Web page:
Englishman in Nyhavn: Julekalender season – the gift that keeps giving

Kid Jesus, your career’s behind you
December 19th, 2020 10:49 am| by Jack Gardner
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Yet another Christmas dawns in Denmark. For us natives, it’s no biggie. I’m actually so acclimatised to this Scandinavian cove we call home, that – and I’m chuckling heartily here – it’s difficult to remember what Christmas is like elsewhere!

My first Julekalender  
But casting my mind back to my very first Danish Christmas, just under a year ago, I’m reminded of one particularly peculiar tradition: the Julekalender. 

The Julekalender is when Danish television ceases all broadcasting (probably) save for one nightly episode of a Christmas-themed series for the first 24 days of December. 

I was introduced to a ‘classic’ Julekalender last year: ‘Jesus & Josefine’. It’s impossible to say what year it broadcast, unless you were to Google it. However, a well-researched article is not one I wish to be associated with, much to the continued despair of my editor. 

What follows therefore is my recollection of the strangest television show of all time. 

Right little madam
Josefine is a little Danish girl, anywhere between the ages of 6 and 12 (guessing kids’ ages isn’t my strength). Her birthday is on Christmas and therefore she hates Christmas so much she wants it banned. Which even, for a 6 to 12-year-old child, is self-centred.

When her teacher casts the school nativity, Josefine helpfully identifies herself to us, the audience, as a right madam by interrupting to repeat her desire to kick Christmas down a big hole forever (paraphrasing). 

The teacher, in an appalling tactical display, rewards Josephine’s belligerence by casting her as Mary. Unlike every other obedient child in the classroom, Josefine doesn’t wish this and makes that abundantly clear. Yet the clearly intoxicated teacher insists upon ruining the entire theatrical experience for everyone. 

Josefine then insults her family (also from Denmark), especially her literal priest of a mother. The viewer is left to ponder whether mum should spend less time encouraging Josefine to develop an untempered relationship with God, and more time teaching her despicable child not to be so foul and awful. 

Tiny little messiah
Josefine goes into a shop that sells trinkets, owned by a kind man whose singular flaw is that he is Satan. Satan tells Josefine not to touch a glowing cupboard, and subsequently (perhaps unwisely) leaves her to tend the shop alone. Josefine, being the unmannered oik she is, immediately touches the cupboard, despite Satan’s specific requests to the contrary.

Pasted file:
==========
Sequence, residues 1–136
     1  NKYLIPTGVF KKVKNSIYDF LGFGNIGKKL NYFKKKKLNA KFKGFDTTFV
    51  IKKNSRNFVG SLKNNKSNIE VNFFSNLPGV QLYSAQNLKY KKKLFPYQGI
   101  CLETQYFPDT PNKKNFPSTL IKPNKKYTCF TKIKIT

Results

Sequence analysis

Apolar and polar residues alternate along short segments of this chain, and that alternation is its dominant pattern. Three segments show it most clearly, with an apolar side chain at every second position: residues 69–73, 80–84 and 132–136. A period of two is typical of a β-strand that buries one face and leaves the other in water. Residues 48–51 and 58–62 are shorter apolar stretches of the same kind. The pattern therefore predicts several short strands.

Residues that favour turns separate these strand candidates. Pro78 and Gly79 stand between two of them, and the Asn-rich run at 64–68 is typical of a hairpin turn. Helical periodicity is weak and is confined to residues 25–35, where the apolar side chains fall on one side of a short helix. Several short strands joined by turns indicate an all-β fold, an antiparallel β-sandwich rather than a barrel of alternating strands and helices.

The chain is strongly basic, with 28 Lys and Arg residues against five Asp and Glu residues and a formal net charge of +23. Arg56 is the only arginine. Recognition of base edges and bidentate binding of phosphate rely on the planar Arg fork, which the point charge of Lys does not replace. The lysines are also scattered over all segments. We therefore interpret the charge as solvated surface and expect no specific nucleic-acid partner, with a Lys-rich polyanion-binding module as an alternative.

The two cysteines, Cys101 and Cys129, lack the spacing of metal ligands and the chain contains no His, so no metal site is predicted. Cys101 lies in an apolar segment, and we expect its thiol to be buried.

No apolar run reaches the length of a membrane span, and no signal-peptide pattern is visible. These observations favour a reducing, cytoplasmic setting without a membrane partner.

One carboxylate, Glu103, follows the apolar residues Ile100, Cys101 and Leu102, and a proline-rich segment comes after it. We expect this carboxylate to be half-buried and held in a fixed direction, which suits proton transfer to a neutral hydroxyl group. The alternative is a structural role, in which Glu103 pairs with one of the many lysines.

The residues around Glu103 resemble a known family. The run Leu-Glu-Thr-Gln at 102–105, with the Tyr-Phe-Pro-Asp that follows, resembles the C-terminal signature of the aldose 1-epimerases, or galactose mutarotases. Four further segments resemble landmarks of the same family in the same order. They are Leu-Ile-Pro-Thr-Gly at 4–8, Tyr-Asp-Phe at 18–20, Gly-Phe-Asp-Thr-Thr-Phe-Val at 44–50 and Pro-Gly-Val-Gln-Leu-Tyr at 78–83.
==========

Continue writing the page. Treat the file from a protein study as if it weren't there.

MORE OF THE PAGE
The worse-than-Satan Josefine is transported to Nazareth where she meets, of all people, Boy Jesus. And (you won’t believe this) he speaks Danish! Just when you thought he couldn’t get more impressive, Jesus is revealed as a polyglot at the tender age of between 6 and 12.

Josefine befriends Jesus, much to the obvious dismay of me, the viewer. Jesus seems a good kid and doesn’t know what he’s getting himself into with this time-traveling brat. She leads him around Nazareth, messing up the entirety of The Bible narrative in the process, and convinces him to visit to modern-day Denmark.

In a brilliant display of idiocy, she leads him into a church, where Boy Jesus sees Man Jesus pinned to a cross. Boy Jesus decides – not unreasonably – “Fuck that for a bag of laughs” (paraphrasing) and time-travels back to avoid the living daylights out of messianic activities. 

Temple torn in two
Josefine is left in Denmark, which without Boy Jesus becomes overridden by Satan. Look, obviously the fact Satan turns Earth into Hell bringing eternal suffering upon all mankind isn’t great, and Satan must take some responsibility. But remember this is kind of ‘his deal’. Josefine does not have this excuse.

I threw my shoe at the TV in frustration at Josefine and it broke. That was day 22. If anyone knows how it ends, please email me. Preferably before Christmas.

Jack Gardner


Jack escaped Brexit Britain in October 2019 to forge a new life in Copenhagen. In this column, he outlines the challenges expats face when integrating into Danish life. Jack (jacksgard@gmail.com) co-hosts the comedy podcast ‘Butterflies on the Wheel’, which is available on all major podcasting platforms